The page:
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Wait For Harvard Or Have A Baby

Armen Hareyan's picture

No backdrop reveals the high cost of confusion as clearly as the emotionally charged world of baby making.

In 1994, author Julia Indichova gave birth to a healthy baby girl, in direct contradiction to all that medical dogma of the day declared possible. Library Journal hailed her first book Inconceivable (Doubleday 2001) as "an important consumer health resource ... the first such book written from the patient's point of view." In the last fifteen years, Indichova's commitment to share her experience brought forth an original mind-body program, documented in her second book The Fertile Female (Adell Press 2007).

While a diet overhaul was an important piece of Julia Indichova's repair regime, commenting on The Fertility Diet (McGraw Hill, 2007), she notes, "I was lucky that this book was not in print at the time of my own diagnosis. Otherwise, I too might have been tempted to follow it." On Monday, January 21, a study in the Journal of Obstetrics and Gynecology linking caffeine and miscarriages validates Ms. Indichova's concerns.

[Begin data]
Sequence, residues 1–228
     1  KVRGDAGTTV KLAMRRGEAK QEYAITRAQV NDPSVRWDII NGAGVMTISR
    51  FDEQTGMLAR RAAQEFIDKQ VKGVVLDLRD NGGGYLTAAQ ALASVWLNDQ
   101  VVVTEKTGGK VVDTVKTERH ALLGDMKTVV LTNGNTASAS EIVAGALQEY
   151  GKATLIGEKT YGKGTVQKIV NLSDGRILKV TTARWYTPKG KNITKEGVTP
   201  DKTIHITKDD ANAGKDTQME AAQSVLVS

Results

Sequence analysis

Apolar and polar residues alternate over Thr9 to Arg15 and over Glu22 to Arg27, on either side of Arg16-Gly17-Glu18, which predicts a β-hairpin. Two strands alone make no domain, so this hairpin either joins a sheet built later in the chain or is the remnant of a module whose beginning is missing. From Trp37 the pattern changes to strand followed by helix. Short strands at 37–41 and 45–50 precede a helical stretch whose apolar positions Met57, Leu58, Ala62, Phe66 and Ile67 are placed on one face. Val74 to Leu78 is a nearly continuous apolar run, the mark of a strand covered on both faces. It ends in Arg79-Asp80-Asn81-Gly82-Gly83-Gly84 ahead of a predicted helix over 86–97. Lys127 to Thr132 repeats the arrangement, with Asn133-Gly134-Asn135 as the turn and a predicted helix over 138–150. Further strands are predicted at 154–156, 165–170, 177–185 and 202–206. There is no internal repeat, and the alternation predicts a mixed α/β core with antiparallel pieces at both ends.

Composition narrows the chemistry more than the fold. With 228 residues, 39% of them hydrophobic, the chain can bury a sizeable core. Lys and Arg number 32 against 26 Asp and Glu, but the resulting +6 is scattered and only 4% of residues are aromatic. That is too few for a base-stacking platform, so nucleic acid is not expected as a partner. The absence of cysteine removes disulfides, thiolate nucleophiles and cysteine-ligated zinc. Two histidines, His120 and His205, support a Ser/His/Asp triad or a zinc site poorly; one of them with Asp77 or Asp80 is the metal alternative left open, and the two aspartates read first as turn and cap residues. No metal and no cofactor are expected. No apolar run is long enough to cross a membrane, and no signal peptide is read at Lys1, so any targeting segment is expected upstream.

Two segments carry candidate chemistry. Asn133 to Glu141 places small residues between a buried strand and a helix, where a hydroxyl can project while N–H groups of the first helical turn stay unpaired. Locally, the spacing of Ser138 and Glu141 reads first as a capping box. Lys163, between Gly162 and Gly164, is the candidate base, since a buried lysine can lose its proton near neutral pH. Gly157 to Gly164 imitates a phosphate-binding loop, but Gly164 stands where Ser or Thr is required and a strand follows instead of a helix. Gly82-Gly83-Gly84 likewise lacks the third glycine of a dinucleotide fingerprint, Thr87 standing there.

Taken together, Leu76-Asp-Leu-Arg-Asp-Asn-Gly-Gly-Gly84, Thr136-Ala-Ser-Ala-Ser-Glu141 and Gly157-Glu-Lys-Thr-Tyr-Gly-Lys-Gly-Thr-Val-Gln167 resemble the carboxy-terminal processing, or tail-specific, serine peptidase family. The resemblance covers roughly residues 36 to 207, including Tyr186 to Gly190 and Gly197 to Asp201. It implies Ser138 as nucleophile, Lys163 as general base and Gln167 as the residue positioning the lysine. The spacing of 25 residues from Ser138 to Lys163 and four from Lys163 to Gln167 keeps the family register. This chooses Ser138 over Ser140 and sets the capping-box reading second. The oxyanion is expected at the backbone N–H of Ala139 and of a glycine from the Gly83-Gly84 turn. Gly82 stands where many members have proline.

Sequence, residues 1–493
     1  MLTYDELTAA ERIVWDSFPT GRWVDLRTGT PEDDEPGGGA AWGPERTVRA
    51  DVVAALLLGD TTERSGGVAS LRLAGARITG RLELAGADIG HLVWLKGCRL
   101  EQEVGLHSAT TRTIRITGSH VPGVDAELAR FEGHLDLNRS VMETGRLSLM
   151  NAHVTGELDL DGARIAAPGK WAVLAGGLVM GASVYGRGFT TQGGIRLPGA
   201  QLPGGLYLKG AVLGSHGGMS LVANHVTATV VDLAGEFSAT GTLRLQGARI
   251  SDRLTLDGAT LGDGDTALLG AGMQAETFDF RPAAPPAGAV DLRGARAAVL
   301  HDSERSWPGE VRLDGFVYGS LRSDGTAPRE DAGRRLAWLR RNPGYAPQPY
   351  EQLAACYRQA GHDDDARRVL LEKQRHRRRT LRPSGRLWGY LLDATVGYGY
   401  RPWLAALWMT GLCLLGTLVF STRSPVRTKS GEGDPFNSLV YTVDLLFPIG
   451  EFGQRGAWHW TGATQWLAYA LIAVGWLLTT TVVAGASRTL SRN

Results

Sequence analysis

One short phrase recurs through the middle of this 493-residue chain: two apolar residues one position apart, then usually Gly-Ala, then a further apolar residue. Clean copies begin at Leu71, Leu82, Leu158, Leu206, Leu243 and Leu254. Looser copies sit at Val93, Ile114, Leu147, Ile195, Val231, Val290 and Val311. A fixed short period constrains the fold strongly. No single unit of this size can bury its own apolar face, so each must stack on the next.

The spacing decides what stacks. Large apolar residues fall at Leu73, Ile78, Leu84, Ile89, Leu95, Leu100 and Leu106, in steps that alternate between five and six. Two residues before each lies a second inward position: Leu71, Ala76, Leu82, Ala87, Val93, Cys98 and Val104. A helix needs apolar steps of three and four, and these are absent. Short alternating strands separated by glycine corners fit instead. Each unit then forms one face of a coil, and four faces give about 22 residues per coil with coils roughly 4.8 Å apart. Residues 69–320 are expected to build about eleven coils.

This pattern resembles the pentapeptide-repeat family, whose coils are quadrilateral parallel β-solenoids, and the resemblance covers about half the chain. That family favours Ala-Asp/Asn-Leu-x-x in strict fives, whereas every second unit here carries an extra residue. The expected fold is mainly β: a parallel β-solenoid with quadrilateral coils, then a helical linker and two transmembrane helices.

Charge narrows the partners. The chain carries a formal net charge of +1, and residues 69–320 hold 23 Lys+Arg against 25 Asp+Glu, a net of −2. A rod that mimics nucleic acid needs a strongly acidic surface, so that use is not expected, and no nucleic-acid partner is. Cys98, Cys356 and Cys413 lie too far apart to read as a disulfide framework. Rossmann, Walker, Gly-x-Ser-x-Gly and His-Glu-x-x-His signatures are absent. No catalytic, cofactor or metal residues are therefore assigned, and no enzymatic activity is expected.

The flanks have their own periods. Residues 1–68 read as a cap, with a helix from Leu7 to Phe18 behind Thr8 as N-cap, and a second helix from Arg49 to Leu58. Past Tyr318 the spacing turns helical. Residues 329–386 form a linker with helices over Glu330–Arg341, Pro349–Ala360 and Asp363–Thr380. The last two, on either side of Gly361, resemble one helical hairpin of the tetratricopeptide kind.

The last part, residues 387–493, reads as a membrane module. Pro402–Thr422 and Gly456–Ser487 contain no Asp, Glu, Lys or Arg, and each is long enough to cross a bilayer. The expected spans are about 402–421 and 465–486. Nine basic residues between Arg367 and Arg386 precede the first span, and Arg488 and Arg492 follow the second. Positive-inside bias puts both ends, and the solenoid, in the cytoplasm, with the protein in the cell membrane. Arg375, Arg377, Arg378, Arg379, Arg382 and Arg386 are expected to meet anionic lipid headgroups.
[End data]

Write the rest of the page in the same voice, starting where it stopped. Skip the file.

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Indichova, who has spent over a decade and a half observing the effect of simple, healthy eating habits on fertility, is concerned that regardless of the well-founded critical points being made in such venues as The New York Times, the fact that the Harvard name is linked with the book will prevent readers from questioning its conclusions as they should.

"Several of the recommendations," she notes, "can be dangerously confusing to women at risk for reproductive difficulties."

Consider the following guidelines in The Fertility Diet followed by Julia Indichova's comments:

"Choosing whole fat milk and ice cream as a preventative for ovulatory disorders?" Dairy products can in some women in fact deplete ovarian reserve, and further impair endocrine function. (Cramer et al., 1994, 139(3):282-9)